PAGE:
Picture: ISTOCK
Picture: ISTOCK

Low-tax jurisdictions, previously known as tax havens, have evolved over the years to adjust to increased international scrutiny and a changing tax legislative environment.

However, many companies have come under international scrutiny because of their low effective tax rates — despite having relied on the instruments negotiated by their own governments.

Ernest Mazansky, head of tax at Werksmans, says one of the main reasons companies choose to operate in a low tax jurisdiction is because of the benefit of paying a low tax rate.

Tax is a cost like any other and has to be managed by management. If a company cannot operate equally well in a high tax jurisdiction and a low tax jurisdiction, why would it not choose to set up in the low tax jurisdiction, he remarked at the annual Tax Indaba in Sandton.

Mazansky says it is necessary to define what is a low tax jurisdiction. Some are so defined because of their low statutory tax rates — such as Mauritius or the Cayman Islands.

However, there are also jurisdictions with high tax rates but which offer companies a 10-year tax holiday to establish themselves in specific economic zones, and another 10 years at a low rate. "Is that not a low tax jurisdiction, and why would you be going there if not to get a low tax rate?" Mazansky asked during a panel discussion.

Wayne Fuller, international tax manager at Old Mutual, says following the financial crisis many countries in Europe have been on a drive to bring down statutory tax rates, although the perception is that they are still high tax jurisdictions.

In many instances the decision to operate in a particular jurisdiction is driven by the location, the ease of doing business and the infrastructure offered by the host country. Tax is rarely the sole driver of where a company set up its business, says Fuller.

"There is so much scrutiny on multinationals that if they solely enter a jurisdictions for tax purposes, they will fall foul with the first report they have to submit, or Oxfam (a confederation of non-governmental organisations) will haul them out."

Fuller says companies operate in a society where their ethos and values are visible. "You have to think long and hard before you do things that would put you in a dark space."

He referred to the impact of reputational damage on companies associated with the Gupta family and how quickly things can go wrong once public opinion turns.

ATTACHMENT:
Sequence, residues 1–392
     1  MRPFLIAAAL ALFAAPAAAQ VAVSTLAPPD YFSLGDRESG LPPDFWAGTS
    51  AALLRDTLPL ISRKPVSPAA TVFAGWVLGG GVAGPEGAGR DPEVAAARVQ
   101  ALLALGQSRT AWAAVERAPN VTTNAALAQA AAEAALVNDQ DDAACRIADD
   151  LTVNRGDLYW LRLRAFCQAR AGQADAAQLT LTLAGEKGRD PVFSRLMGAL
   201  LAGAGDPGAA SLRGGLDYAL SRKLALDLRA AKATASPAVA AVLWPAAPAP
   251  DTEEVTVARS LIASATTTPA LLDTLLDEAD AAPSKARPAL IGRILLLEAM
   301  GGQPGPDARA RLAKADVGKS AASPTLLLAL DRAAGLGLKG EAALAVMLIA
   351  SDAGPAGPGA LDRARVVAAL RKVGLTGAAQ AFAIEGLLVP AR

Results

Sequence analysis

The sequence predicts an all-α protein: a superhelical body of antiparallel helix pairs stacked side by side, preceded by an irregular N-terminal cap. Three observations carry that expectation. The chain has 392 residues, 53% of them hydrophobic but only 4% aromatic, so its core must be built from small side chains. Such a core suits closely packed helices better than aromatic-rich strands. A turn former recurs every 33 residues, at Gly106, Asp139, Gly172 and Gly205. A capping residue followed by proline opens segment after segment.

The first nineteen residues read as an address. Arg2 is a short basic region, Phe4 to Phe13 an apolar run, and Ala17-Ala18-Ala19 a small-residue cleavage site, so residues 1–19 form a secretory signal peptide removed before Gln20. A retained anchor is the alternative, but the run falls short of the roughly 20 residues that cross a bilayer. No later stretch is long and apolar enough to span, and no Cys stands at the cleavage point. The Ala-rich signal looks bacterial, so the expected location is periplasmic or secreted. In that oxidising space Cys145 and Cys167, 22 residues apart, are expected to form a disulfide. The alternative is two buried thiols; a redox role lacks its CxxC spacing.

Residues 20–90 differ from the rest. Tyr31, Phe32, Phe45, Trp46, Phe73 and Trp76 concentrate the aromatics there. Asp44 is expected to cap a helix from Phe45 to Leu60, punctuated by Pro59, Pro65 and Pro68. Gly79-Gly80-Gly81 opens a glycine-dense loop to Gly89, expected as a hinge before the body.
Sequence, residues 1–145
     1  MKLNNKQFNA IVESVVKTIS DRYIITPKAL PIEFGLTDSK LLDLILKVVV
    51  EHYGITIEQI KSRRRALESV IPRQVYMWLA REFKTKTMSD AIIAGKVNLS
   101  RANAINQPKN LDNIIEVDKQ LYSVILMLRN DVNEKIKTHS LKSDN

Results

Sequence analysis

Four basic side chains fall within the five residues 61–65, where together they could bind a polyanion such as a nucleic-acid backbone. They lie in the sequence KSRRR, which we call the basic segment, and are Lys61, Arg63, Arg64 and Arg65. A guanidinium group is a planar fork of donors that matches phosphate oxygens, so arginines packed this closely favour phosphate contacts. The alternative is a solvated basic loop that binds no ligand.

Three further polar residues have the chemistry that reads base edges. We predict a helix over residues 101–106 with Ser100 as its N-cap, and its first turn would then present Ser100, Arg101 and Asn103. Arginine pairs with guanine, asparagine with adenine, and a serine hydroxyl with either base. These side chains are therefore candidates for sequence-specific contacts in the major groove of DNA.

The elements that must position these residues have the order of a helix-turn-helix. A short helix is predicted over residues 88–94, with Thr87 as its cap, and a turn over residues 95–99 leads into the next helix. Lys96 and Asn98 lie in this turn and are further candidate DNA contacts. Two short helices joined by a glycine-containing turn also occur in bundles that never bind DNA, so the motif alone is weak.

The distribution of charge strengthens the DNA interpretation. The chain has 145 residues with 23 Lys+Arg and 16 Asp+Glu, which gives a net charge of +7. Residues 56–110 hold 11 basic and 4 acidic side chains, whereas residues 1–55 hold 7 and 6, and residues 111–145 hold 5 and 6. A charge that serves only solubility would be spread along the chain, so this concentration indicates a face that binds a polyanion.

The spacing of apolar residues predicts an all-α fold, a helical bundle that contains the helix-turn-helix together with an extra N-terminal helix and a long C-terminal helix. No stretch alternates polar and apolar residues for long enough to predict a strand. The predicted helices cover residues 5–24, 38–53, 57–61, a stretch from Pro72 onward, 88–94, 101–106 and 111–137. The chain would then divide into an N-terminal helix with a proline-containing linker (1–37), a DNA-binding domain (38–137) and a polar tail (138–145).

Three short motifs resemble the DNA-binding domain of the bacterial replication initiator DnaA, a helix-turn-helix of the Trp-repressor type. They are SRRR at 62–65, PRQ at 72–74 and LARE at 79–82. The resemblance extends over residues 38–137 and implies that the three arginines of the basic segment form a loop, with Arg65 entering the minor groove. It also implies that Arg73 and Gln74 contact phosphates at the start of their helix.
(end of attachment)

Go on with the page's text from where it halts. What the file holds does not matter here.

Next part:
He also referred to the voluntary payments in the UK by global companies — such as Google — following significant social and political pressure because of the low effective tax rate they were paying.

Fuller says companies do not want the "heat" from society for paying low tax rates, notwithstanding that the double tax treaties allow it.

Mazansky calls the voluntary payment "extortion". "They were operating in a legal framework that was put in place and facilitated by the very government that is complaining."

Thabo Legwaila, head of tax at Citibank, says multinational companies operating in developing countries are more compliant than local companies. Collecting taxes for developing countries is becoming a big challenge because of their previous reliance on tax types that do not generate the incomes of the past, such as oil.

Many tax authorities, however, continue to distrust multinationals and some authorities have been seen to raise "ridiculous assessments". The multinational is left with the burden of proving why they should not be paying the amounts.

Mazansky says companies have no moral obligation to pay more than they are legally obliged to pay. Tax authorities that are unsatisfied with legislation are able to address it through legislative processes.

Fuller is, however, of the view that company leaders have to ask whether they are morally paying their fair share.

Mazansky used the example of a tax concession introduced in SA to stimulate investments in venture capital companies. If a taxpayer invests an amount in a venture capital company, the full investment is tax deductible.

Mazansky questioned why a company that gets a concession to reduce its taxable income would not use it.

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